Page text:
Whether it’s your first time traveling by yourself or you’ve had plenty of experiences going on solo trips, Singapore is a great place to explore all by you’re lonesome. Aside from being one of the safest cities on the planet, it’s also modern, tourist-friendly, and cosmopolitan.
Visitors often book tour packages to Singapore for stress-free sightseeing and because they can be a fun way to meet new people if you’re going it alone! A well-curated tour package will often already include the staples and highlights of the city, allowing you not only to save money but also to save time. However, this is not the only way to enjoy a trouble-free holiday in Singapore. Read on below for other practical tips on how to best experience this charming garden city-state independently.
Grab a Singapore Tourist Pass
The city’s public transport network is nothing short of excellent, and getting around couldn’t be easier. Most people in Singapore commute and you should, too. To make things even more convenient, grab a Singapore Tourist Pass as soon as you arrive; they’re available at Changi Airport at several automated kiosks, as well as in Transitlink ticket offices all over the metro. It’s also available in four variants and can be used for up to 3 days over the duration of your stay.
All passes grant holders unlimited rides on public transport, including bus services, the MRT, and the LRT. They also offer exclusive discounts to some of the most popular attractions in Singapore, such as the Sentosa Merlion, Gardens by the Bay, Universal Studios Singapore, and much more.
Pack light, but with foresight
Its equatorial location means that Singapore sees plenty of sun throughout the year. The tropical climate and high level of humidity mean that you’re better off sticking to light and comfortable clothing that’s easy to move around in. Good walking shoes are a must, though it’s just as common to see people wearing sandals and flip-flops. Keep a small folding umbrella in your go-bag for shielding against the harsh rays of the sun and to stay dry when a sudden downpour occurs; they do occur regularly, though most rain showers don’t last for more than an hour.
When packing for a trip to Singapore, think “versatile”—you’ll want pieces that can take you easily from day to night, hot to cool, in a snap. If you’re female and thinking of visiting religious sites, bring along a thin cardigan or pashmina to cover up with. Lightweight layers are always a good idea.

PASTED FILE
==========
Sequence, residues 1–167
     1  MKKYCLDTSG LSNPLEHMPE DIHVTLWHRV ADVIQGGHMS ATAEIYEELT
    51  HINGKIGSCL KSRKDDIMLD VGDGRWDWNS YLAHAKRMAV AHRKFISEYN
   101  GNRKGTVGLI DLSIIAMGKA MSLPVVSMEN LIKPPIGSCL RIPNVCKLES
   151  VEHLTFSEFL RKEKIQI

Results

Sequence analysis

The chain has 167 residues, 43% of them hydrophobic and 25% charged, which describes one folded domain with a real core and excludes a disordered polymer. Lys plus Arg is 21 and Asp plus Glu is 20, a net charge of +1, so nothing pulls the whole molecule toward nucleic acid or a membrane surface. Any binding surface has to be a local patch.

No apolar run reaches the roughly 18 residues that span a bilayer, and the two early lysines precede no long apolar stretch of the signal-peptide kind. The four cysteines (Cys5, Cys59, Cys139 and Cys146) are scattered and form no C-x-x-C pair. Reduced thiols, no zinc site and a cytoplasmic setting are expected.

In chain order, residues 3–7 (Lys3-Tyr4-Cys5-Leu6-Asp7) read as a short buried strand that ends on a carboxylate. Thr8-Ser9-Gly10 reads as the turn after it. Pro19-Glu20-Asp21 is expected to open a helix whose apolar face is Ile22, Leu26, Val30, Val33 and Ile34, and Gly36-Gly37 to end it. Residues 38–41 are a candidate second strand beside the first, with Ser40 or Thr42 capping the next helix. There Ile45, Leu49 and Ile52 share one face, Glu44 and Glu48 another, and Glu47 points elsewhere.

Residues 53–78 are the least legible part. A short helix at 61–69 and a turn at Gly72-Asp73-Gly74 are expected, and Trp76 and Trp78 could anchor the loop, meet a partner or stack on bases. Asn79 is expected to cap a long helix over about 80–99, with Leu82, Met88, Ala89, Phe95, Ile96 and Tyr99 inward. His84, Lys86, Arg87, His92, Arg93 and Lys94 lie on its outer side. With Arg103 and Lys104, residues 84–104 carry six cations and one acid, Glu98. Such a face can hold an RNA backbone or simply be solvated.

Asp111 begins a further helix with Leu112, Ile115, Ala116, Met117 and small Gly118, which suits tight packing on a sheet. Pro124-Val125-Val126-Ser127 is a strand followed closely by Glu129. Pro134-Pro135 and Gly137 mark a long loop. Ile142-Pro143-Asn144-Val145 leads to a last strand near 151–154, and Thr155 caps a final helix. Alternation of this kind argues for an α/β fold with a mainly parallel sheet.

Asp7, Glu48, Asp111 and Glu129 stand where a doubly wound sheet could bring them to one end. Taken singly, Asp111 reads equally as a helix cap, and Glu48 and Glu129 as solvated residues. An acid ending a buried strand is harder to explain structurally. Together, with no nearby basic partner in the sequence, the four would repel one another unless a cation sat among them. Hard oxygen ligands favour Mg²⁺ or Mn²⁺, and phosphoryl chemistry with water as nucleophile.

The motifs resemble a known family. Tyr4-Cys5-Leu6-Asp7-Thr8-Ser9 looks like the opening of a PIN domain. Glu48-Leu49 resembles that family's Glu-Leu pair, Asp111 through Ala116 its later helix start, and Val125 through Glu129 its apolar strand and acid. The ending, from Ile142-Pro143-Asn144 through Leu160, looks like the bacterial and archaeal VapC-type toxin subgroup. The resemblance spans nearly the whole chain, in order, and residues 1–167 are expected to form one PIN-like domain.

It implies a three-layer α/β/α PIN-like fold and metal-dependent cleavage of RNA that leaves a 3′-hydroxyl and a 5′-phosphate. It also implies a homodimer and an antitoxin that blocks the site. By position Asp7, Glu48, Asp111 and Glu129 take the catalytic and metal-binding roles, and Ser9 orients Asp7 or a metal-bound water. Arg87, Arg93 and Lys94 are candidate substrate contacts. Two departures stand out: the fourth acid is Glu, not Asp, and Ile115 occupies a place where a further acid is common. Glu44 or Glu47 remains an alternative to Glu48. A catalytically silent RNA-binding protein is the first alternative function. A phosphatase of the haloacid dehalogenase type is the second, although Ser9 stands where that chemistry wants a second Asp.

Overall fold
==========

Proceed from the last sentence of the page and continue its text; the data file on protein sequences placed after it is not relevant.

Look into free walking tours
Singapore is a very pedestrian-friendly city, and there are plenty of independent tour groups around offering free or pay-as-you-wish guided walking tours of some of its most interesting neighborhoods. These are often staffed by volunteers and university students with a passion for their city, and it can be a great way to meet new people and make friends while seeing Singapore through a local perspective. Besides tipping your guide, you’ll only have to pay for entrance to certain attractions and any snacks you consume, so it’s also a wonderful way to explore the city on a budget.
We recommend Monster Day Tours and Sneak peek Singapore as two of the tour groups you can look into. Both have dedicated websites detailing what they offer, from tour schedules and meet-up points to comprehensive information on what you can expect on one of their guided tours.
Hawker centers are a foodie’s best friend
Singaporean food is one of the major draws of the island, and there’s no place better to experience its diverse array of flavors than at a hawker center. You can even score some Michelin-starred meals out of these establishments: Hawker Chan’s Hong Kong Soya Sauce Chicken Rice and Noodle’s flagship branch at the Chinatown Complex Market & Food Centre still attracts long lunchtime lines, as does the Hill Street Tai Hwa Pork Noodle stall at Tai Hwa Eating House on Crawford Lane.
Anthony Bourdain couldn’t sing enough praises for Tian Tian’s Hainanese chicken rice, and countless gourmets from all over the world can’t get enough of hawker classics such as char kway teow, bak kut teh, curry laksa, and chili crab. You miss out on a lot when you favor expensive restaurants or fast food joints over local food in Singapore since hawker center food is safe, cheap, and ubiquitous. As for drinks, tap water is safe to drink in Singapore, and you shouldn’t have any problems drinking water straight from the faucet.
Take advantage of the tourist refund
Although Singapore is recognized all over the continent as a premier shopping destination, you can expect commensurate premium prices for premium goods and services. Shopping in Singapore’s high-end designer boutiques and glittering malls can be costly, but you can offset expenses by taking advantage of the country’s Tourist Refund Scheme.
Visitors can claim a 7% Goods and Services Tax refund on any purchases totaling over 100 Singapore dollars at participating shops and retailers all over the city, identifiable by a “Tax-Free” logo or sign. Your GST tax refund can be claimed at the airport just before you depart the country at Electronic Tourist Refund self-help kiosks or at GST refund counters. You can choose to receive your refund in cash, have it credited back to your card, or into your Alipay Account.
Small but packed with things to see and do, Singapore is one of the best places in the world to get your feet wet when it comes to solo traveling. Keep in mind that this country has plenty of strict rules against littering and other public nuisance activities, so it could be a good idea to familiarize yourself with some of the most common offenses before going. Aside from that, enjoy your trip!